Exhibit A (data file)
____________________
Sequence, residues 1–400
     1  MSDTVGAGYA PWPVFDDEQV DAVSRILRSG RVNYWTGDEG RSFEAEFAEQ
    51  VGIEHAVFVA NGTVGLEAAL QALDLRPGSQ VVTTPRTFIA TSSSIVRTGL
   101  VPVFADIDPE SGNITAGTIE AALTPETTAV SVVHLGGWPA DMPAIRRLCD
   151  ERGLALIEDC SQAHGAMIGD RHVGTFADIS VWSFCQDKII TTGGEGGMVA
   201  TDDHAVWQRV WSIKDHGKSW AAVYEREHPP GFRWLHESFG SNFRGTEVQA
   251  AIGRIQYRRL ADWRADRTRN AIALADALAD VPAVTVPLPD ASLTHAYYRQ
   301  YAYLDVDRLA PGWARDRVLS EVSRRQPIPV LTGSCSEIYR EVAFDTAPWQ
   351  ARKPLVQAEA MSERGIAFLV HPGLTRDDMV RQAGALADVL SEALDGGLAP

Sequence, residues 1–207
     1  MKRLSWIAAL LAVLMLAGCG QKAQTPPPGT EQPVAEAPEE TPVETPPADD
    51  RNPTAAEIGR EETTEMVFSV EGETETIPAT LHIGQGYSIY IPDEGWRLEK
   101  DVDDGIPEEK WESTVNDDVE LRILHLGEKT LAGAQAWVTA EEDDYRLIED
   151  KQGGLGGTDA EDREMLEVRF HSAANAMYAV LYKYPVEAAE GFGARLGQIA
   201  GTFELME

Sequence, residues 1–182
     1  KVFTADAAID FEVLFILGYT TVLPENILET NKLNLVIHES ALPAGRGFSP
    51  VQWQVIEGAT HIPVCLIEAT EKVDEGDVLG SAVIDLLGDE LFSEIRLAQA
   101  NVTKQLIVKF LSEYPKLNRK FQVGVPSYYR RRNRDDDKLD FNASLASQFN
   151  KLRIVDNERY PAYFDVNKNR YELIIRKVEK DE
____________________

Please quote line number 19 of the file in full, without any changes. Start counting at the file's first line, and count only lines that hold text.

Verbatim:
   101  NVTKQLIVKF LSEYPKLNRK FQVGVPSYYR RRNRDDDKLD FNASLASQFN